Shannon Shea has done special effects work on over sixty films. From Evil Dead II to Predator. From Dances With Wolves to Jurassic Park. From In the Mouth of Madness to Sin City. Every week he delves into his personal and professional history to tell the story of how he became a monster that makes monsters.

So there I was, in a small conference room in Woodland Hills, California on a warm February afternoon in 2009. I knew that the meeting would go long, and I would have to spend at least an hour driving home to Los Angeles. Sitting next to me was Mark Dippe, Industrial Light and Magic alumnus and director of the movie Spawn, and across from me sat Dean Cundey, the guy that not only shot all of John Carpenter’s early movies, but also shot Jurassic Park and Back to the Future just to name a few. At the end of the table was producer Tom Kiniston; I had worked with Tom on the Tremors TV series, and next to him was Brian Gilbert, formerly of Stan Winston Productions. The director was Brian Levant, whom I had never worked with personally. However I was familiar with him because I was representing KNB EFX Group, and KNB had made the Turbo-Man Suits for Jingle All The Way, a Mr. Levant effort. We, along with other department heads had gathered to discuss Scooby Doo and the Curse of the Lake Monster.

As we began to go through the storyboards, I would occasionally steal a glance across the table and look at Dean’s face which was a combination of boredom and pain. See, I had worked with Mark and Dean on Jurassic Park, and although no one said anything out loud, I’m sure we were all thinking the exact same thing: “What has led me here? What did I do? What didn’t I do?” Okay, we all have to work, and I had prostituted myself out for MANY a low budget film, but what were the chances that three people who had contributed to one of the most iconic, big special effects extravaganzas of all time would be sitting in a room discussing how much of the titular Lake Monster was going to be practical for certain shots of a made-for-dvd video? It was a hard reminder that times in Hollywood were not only tough, but that there was a definite changing of the guard, and it was unclear who would remain to contribute to “The New Hollywood.”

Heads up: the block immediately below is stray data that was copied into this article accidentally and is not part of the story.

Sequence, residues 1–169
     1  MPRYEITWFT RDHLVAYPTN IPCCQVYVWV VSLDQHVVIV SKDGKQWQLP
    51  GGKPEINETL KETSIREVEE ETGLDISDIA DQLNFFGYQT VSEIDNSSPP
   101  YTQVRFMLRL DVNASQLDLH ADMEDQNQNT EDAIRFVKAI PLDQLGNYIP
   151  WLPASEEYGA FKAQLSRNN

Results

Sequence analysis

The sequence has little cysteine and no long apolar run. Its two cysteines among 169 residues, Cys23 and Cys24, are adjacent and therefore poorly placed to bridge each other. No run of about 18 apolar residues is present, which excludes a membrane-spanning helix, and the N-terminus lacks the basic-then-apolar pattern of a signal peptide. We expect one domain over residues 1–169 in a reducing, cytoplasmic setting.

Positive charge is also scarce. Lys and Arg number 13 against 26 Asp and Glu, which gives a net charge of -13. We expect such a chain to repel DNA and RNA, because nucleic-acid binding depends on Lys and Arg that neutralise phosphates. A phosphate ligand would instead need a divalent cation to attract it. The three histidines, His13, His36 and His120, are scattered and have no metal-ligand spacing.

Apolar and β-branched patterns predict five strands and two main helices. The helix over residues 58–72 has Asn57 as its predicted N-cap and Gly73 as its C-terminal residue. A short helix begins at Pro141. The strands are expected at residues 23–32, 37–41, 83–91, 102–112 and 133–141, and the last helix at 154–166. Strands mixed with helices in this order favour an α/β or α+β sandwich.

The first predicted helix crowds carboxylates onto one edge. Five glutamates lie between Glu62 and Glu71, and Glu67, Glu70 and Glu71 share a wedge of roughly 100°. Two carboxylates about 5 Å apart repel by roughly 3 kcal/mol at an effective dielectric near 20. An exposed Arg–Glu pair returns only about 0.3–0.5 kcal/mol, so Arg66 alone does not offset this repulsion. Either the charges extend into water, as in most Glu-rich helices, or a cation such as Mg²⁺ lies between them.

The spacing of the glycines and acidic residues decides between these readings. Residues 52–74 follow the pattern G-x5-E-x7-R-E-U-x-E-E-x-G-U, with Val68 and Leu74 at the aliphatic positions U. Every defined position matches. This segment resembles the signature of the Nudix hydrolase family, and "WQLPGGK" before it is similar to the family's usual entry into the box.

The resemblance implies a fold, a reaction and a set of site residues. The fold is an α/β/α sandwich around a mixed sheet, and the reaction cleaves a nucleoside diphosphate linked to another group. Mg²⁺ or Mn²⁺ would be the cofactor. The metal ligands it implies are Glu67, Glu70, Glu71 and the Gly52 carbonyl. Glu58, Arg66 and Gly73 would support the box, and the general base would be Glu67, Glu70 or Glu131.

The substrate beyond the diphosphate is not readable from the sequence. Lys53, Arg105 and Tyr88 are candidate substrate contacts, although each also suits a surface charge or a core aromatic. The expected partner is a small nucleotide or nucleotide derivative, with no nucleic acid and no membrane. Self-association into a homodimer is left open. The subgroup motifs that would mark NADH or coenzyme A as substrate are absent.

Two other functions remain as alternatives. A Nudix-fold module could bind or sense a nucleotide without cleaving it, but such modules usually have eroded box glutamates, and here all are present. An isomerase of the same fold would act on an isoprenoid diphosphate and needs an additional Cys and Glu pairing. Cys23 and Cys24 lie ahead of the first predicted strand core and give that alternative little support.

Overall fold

We had gotten one third of the way through the storyboards and someone took pity on me. “Hey, we all know what Shannon is going to build for the show. Does he have to stay through the rest of the meeting?” I looked at Dean’s face again. Envy. Brian Levant dismissed me, I thanked everyone and left. During the drive home, I couldn’t help but fight that creeping, depressing feeling that, ironically, had been hiding in the shadows since 1992. As I sat in the freeway traffic I had been dreading, my mind wandered back to that question: “How the hell had I gotten here?”

It isn’t a short answer. It wasn’t the result of anything that had transpired a year or two ago. This went back, WAY back to childhood.

I was one of three children born to Janet and Al Shea in a suburb of New Orleans, Louisiana. Like so many other special effects artists before me, I was hooked by seeing the original King Kong on our black and white television when I was three. At that moment, a die-hard dinosaur fan had been created, and whenever I was asked what I was going to be when I grew up, the answer I always gave was “Paleontologist.”

Television was a huge influence on us kids, and we were lucky enough to witness the birth of shows like Star Trek (TOS), Voyage to the Bottom of the Sea, and Lost in Space. These shows were like tent poles that supported a growing fandom in both my brother and me. At the movies, we were fed a diet of James Bond films (starting with Thunderball for me), Stanley Kubrick’s timeless masterpiece 2001: A Space Odyssey, and of course the Planet of the Apes series.